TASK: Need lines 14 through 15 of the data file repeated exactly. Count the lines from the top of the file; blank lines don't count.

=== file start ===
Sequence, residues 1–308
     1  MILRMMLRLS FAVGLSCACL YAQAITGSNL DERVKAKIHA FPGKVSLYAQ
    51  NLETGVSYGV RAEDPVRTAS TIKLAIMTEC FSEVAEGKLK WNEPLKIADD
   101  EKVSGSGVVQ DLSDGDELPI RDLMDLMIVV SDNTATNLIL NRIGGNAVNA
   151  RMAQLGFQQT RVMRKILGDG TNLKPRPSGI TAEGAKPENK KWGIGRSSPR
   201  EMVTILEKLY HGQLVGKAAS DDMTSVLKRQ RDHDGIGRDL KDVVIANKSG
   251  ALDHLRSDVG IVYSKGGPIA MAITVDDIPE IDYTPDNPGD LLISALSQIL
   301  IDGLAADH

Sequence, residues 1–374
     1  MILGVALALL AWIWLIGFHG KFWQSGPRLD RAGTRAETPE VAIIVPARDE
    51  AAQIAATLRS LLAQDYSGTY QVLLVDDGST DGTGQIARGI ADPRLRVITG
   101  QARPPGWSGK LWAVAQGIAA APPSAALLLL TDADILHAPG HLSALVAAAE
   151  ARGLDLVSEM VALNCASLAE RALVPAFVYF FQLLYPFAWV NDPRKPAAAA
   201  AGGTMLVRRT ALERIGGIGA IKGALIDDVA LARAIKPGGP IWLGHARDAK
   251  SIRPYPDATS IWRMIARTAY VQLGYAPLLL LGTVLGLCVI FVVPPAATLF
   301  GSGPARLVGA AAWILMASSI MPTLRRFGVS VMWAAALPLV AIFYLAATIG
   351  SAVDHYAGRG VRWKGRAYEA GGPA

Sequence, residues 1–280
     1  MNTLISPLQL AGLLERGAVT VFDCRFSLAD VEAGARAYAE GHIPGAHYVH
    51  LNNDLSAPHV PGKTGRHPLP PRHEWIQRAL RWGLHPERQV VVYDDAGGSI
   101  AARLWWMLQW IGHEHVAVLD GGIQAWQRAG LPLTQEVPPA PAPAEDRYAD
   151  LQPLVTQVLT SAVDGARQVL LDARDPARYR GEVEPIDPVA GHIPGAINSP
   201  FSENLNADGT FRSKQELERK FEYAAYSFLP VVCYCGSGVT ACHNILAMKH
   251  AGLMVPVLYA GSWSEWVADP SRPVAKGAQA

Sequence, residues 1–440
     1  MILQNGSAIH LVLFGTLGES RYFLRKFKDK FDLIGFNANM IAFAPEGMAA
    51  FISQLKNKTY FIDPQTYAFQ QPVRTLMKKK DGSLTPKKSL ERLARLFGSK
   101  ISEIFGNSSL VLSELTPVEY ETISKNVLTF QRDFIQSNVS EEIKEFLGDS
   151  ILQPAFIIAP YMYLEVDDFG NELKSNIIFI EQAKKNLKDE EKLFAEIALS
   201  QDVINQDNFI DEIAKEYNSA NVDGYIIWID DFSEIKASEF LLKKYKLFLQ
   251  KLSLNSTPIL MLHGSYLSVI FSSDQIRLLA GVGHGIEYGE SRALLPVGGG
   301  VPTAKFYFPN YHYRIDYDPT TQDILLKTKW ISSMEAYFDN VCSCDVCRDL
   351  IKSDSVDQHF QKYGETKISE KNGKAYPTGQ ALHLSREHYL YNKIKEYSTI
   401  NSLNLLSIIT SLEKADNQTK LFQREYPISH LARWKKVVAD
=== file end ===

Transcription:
   201  AGGTMLVRRT ALERIGGIGA IKGALIDDVA LARAIKPGGP IWLGHARDAK
   251  SIRPYPDATS IWRMIARTAY VQLGYAPLLL LGTVLGLCVI FVVPPAATLF